SuburraThere are few stereotypes about Italian culture that are readily relied on in cinema, satire and the news. The first, is that the country is home to the Mafia (and all Italians are in the Mob) and the second is that their politicians are incredibly corrupt with voracious sexual appetites. Without coming across like a crude caricature of life in la citta eterna, Stefano Sollima’s 2015 crime thriller, Suburra, manages to encapsulate both stereotypes with slick style and brutal violence.

Sollima is at the helm of the forthcoming sequel to Denis Villeneuve’s Sicario and, if you’re not sure what to expect in terms of visual style, Suburra is as good a place to start as any. Sollima never shies away from the gritty; the violent; the excess.

This isn’t an attempt at creating another Godfather. This is a film that is utterly raw in every nasty little detail it lays bare. You practically have to scrape the dirt from under your fingernails after watching.

Counting down seven days until an alleged apocalypse, at the heart of the film is the utterly loathsome, slippery MP,  Fillipo Malgradi (the brilliant Pierfrancesco Favino). He is desperately trying to cover up his addiction for hardcore drugs and underage prostitutes, whilst keeping Rome’s feuding gangs from decimating each other owing to rivalries regarding a patch of coastline that is up for redevelopment. There are envelopes being passed around the parliament; supermarket shoot outs; and organised hits. The cobbled streets of the historic city are slowly being paved with blood.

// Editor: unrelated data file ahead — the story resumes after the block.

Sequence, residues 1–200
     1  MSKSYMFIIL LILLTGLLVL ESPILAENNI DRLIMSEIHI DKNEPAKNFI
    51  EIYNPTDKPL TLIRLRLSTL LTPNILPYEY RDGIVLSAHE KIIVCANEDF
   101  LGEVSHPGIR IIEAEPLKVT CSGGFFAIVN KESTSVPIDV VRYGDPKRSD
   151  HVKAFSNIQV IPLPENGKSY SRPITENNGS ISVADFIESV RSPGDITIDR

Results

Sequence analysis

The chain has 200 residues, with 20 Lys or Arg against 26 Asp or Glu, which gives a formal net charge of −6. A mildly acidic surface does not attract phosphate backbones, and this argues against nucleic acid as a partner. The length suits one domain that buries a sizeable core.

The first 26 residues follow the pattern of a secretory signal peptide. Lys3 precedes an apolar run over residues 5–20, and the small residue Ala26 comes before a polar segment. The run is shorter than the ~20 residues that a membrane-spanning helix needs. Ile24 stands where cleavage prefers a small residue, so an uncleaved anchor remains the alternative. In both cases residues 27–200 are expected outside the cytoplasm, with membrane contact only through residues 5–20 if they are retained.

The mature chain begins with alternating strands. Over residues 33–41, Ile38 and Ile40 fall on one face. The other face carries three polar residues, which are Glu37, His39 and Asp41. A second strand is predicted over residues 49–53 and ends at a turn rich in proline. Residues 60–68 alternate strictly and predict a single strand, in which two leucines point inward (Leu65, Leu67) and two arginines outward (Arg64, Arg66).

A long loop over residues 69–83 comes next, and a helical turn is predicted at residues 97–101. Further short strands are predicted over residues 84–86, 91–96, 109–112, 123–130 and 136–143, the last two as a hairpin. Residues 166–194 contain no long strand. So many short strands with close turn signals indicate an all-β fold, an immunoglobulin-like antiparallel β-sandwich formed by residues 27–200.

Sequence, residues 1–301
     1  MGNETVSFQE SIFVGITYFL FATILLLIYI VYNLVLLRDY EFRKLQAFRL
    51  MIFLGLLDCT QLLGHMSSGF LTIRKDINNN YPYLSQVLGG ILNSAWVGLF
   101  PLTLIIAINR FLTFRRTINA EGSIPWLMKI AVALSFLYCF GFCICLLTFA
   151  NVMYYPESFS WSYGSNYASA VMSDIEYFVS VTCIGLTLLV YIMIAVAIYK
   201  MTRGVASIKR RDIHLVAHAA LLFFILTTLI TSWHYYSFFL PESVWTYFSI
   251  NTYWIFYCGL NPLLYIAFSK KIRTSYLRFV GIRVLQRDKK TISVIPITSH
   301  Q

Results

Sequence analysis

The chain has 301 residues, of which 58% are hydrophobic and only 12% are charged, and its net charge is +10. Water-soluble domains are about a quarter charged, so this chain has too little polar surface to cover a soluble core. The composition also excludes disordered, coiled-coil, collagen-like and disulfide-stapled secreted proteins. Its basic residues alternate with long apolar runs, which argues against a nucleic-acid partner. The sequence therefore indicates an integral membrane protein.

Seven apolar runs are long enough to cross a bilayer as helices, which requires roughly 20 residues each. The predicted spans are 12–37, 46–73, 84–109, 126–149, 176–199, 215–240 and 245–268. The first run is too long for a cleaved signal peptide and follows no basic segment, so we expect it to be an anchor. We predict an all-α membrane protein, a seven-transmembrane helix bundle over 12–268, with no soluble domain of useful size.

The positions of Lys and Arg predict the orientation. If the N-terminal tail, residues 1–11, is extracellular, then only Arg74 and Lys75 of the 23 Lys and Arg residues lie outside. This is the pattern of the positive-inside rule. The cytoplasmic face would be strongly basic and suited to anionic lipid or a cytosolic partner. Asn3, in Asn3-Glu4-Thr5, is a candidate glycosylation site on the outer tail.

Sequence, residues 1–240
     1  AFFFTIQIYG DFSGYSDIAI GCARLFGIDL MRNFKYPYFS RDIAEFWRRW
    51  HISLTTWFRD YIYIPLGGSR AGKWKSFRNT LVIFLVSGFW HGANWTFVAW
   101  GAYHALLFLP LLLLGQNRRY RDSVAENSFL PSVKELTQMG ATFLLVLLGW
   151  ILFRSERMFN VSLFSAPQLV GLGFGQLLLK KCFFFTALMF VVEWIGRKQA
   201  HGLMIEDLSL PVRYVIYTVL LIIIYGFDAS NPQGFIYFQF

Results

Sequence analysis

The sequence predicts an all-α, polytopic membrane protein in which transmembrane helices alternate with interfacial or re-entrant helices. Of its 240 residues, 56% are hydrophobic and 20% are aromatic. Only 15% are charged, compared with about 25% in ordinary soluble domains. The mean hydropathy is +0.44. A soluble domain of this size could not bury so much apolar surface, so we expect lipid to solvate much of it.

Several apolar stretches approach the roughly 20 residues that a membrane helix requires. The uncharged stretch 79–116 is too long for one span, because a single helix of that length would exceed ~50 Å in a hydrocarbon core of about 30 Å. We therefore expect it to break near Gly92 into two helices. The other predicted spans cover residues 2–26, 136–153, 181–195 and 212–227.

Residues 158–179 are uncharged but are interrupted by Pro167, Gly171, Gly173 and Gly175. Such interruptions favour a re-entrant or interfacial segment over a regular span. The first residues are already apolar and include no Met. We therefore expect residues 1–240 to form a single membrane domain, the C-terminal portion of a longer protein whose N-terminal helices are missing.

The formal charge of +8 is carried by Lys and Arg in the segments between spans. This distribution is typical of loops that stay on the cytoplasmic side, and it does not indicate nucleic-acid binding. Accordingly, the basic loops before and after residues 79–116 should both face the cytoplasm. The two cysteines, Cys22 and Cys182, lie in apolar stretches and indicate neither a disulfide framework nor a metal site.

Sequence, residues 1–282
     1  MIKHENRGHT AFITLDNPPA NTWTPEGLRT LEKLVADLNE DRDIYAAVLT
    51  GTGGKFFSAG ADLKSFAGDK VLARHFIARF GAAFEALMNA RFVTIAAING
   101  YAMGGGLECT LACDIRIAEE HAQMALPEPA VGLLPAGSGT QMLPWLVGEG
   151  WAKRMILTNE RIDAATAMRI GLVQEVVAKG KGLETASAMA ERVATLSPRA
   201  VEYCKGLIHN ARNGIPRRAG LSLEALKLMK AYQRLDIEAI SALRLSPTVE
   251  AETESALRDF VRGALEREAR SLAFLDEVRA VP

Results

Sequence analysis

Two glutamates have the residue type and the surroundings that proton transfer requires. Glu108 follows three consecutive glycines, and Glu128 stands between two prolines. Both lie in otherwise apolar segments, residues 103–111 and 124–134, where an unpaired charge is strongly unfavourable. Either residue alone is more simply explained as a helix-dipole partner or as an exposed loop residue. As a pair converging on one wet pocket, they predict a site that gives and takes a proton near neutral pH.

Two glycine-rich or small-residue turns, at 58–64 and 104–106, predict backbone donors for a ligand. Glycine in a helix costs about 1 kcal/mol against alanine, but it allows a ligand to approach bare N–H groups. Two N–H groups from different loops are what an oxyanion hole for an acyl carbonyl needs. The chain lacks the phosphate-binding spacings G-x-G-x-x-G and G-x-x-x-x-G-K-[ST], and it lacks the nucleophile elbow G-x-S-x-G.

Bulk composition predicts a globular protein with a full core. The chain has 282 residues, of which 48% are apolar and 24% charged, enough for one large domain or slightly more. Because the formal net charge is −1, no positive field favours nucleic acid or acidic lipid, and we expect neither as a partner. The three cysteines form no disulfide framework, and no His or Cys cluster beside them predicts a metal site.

The Samurai (Claudio Amendola) needs to get his Vegas-style coastline plans approved in order to make money; Numero Otto (Alessandro Borghi) dreams of finally making his own money; Manfredi Anacleti (Adamo Dionisi) is busy terrorising the conflicting gangs whilst blackmailing Malgradi. There’s even the abdication of Pope Benedict thrown in. That’s what is so exciting about Sollima’s direction – there are so many storylines weaving their way throughout the film and yet it never feels crowded. You can always keep up with the action and follow the characters’ exploits. Like Rome itself, its sprawling, tumultuous and pretty to look at.

SuburraIt’s brash and unapologetic – utterly Italian and operatic at its exploration of the main themes and plot points. Pasquale Catalona has done a truly amazing job with the score; a searing mix of contemporary and classic that manages to pulsate its way throughout the film. As the film progresses, the score builds neatly and poignantly.

The body count seems insane, although I suspect it probably isn’t nearly as violent as some might predict. Sollima toys with “Bunga Bunga” stereotype and presents a new type of steelier, grittier national portrait. There are no cliches, no wandering monologues, no stylised violence. This truly is a collection of unlikeable, selfish individuals who will stop at nothing to achieve dominance. The women in their lives are there to be fucked and disregarded; the minions in their gangs are there to run errands and take a bullet.

Sollima mixes blockbuster-type action sequences with truly scathing political commentary, and absolutely pulls it off with more than a hint of visual flair. He stamps all over any romantic notions of Rome and spit on it afterwards, for good measure.

I can’t wait to see where he takes Benecio del Toro and Josh Brolin in Sicario 2: Soldado. 

Suburra is currently streaming on Netflix.



Mary Palmer
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